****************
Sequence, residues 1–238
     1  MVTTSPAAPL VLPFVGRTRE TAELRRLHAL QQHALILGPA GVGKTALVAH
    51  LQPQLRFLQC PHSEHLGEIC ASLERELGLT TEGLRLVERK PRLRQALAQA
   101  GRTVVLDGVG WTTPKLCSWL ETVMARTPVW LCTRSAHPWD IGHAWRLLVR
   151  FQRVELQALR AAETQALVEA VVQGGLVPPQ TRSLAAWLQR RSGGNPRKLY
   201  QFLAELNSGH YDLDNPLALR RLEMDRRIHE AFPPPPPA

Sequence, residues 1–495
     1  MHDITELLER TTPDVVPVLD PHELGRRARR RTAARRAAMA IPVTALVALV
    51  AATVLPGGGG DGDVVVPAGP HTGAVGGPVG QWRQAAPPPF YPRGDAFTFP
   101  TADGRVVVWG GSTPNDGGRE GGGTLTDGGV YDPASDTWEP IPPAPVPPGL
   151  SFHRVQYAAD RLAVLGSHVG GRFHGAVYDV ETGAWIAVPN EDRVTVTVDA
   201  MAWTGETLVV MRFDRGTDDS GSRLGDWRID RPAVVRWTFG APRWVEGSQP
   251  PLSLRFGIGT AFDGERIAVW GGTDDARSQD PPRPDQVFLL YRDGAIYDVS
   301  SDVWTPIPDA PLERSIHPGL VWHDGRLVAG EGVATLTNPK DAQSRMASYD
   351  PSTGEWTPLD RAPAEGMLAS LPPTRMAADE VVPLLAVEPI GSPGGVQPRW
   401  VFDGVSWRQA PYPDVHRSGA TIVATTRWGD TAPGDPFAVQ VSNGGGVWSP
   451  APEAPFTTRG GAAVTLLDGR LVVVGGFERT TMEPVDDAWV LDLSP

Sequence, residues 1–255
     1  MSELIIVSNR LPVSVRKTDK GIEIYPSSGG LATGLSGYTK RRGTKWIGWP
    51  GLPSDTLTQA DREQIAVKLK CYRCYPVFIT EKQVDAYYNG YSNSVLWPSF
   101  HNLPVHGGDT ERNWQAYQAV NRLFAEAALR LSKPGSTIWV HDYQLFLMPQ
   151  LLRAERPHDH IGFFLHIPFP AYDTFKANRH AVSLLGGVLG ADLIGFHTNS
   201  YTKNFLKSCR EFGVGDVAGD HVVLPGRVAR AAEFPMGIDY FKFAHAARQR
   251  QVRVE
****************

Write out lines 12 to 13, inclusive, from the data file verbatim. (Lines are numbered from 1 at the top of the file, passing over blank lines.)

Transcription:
   201  MAWTGETLVV MRFDRGTDDS GSRLGDWRID RPAVVRWTFG APRWVEGSQP
   251  PLSLRFGIGT AFDGERIAVW GGTDDARSQD PPRPDQVFLL YRDGAIYDVS